The widely covered and “immediate” departure of Steven Sinofsky, the now-former Windows chief at Microsoft, late Monday night is a big story. It’s also a story full of speculation and qualifiers such as “some say,” when the topic turns to why Sinofsky left the company.
We’re all used to the constant stream of patches from Microsoft. Windows Secrets covers them in the twice-monthly Patch Watch column. Most of these patches are initiated by the diligent work of security specialists. But a recently released Microsoft Fix it patch, KB 2578723, springs from our very own ace writer Fred Langa, and his weekly LangaList Plus column. In his May 12 article, “Win7 network stuck in ‘Public’ mode,” Fred gave his steps for fixing network-location problems. Later, Fred wondered if those steps could be made more simply with a Microsoft Fix it button. So he contacted fellow columnist Woody Leonhard, a Microsoft Thailand MVP. Woody in turn passed the suggestion on to Microsoft, and the rest is, as they say, history. Congratulations Fred!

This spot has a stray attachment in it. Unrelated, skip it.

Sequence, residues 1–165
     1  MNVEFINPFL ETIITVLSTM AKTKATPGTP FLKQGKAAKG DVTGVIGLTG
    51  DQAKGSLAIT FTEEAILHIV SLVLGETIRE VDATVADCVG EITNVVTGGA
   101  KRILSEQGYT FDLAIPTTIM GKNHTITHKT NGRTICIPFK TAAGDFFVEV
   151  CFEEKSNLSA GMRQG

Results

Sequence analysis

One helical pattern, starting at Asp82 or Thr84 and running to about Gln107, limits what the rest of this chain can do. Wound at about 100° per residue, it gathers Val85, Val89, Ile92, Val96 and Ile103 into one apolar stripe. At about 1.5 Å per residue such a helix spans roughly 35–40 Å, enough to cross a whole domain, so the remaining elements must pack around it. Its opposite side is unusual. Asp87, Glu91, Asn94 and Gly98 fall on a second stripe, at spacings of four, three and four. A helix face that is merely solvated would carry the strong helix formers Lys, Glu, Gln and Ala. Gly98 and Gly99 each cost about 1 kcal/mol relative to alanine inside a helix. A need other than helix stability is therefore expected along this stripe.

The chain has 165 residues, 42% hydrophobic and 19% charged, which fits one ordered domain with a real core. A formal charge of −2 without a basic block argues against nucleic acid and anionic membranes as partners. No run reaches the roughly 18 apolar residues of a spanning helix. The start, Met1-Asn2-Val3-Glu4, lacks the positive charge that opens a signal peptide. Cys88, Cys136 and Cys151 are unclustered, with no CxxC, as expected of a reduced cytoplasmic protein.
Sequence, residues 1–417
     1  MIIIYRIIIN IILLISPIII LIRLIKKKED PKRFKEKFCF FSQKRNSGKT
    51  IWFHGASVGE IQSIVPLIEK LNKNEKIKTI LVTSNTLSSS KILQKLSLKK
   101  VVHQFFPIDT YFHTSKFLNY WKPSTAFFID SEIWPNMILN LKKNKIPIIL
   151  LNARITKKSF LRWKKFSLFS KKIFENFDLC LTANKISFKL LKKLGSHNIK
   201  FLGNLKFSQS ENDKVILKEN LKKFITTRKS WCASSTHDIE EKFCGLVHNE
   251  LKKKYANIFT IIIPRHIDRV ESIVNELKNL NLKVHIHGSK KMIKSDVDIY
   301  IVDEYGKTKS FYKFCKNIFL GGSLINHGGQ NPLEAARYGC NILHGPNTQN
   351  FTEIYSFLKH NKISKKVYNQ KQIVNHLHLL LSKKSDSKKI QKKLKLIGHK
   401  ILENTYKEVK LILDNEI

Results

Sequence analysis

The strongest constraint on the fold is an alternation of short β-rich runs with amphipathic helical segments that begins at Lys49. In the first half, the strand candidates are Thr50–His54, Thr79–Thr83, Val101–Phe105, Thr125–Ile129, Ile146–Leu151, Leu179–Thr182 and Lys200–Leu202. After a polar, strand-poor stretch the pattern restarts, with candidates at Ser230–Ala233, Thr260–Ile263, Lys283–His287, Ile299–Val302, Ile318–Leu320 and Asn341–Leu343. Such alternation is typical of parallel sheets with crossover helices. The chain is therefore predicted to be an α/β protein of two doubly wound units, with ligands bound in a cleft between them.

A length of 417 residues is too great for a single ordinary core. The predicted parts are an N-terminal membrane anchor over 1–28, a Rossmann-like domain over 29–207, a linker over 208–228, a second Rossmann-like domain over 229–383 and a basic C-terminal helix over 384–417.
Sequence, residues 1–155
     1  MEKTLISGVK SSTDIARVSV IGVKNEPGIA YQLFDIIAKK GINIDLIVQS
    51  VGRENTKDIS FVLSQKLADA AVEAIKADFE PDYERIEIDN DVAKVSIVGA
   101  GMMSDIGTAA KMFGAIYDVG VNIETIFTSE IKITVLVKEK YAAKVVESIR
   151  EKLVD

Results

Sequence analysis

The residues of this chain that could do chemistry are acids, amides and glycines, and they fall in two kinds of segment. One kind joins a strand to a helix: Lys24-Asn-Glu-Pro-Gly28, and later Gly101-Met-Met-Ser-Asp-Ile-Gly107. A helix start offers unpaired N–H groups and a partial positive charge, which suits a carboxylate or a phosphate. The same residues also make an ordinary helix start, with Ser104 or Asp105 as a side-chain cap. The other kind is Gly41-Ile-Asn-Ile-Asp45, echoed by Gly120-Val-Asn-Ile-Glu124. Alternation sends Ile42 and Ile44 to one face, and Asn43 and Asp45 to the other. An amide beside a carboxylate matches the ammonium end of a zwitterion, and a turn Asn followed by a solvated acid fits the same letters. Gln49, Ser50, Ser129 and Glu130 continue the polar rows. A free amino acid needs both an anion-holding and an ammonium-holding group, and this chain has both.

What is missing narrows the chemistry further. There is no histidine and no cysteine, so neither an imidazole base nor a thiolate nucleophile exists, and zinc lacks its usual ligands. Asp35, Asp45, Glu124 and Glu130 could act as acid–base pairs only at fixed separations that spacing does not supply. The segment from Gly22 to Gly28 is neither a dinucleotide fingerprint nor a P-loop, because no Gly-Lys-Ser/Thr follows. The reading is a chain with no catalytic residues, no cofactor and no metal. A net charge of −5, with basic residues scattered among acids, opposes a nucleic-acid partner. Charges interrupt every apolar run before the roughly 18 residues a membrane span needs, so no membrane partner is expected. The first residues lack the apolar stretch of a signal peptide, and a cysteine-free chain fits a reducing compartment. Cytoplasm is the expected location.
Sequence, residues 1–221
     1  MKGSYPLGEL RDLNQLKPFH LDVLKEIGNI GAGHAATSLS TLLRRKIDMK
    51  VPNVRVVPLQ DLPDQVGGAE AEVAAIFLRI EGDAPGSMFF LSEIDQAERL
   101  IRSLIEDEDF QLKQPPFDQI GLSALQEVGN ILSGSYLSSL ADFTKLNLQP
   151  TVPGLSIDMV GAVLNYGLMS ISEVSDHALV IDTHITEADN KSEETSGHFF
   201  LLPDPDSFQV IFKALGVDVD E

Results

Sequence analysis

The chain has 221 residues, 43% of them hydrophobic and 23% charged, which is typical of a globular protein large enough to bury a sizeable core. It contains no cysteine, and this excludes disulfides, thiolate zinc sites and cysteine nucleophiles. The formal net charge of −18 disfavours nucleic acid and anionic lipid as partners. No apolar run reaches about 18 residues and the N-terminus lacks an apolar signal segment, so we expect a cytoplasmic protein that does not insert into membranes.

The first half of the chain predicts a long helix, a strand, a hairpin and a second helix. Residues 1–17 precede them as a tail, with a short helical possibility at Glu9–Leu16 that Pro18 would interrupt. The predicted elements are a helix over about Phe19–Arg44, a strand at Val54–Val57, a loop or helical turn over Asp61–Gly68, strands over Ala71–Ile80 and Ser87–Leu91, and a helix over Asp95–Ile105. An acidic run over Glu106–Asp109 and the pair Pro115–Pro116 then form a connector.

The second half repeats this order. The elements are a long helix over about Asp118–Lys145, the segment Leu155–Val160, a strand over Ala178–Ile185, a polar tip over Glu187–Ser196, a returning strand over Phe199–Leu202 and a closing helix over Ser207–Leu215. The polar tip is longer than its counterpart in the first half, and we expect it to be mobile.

A couple of days ago, one of our readers sent me a link to a Windows 8 video demo that I’d missed. Since then, there has been something about Windows 8 from almost every computing pundit. Well, I’ve watched the demo and read the stories, and most of it is simply journalistic junk food. Almost all of the Windows 8 stories are the same spin on that one quick, thin Microsoft demo. What is now known comes down to this: the demo showed a radically new interface for Windows. There was nothing in the demo about important new features or major changes to the architecture of the OS. I suspect that the demo was a trial balloon. There’s probably a big battle within Microsoft over what Windows 8 should look like. So MS put out the demo to see what the pundits and future users would say about it. In my humble opinion, it would be a mistake. Why take a format that is optimized for small screens and move it to full-sized displays? One wonders if Microsoft will ever really understand fundamental PC usability. Most stories state that Windows 8 will be out in 12 to 18 months. My … Read More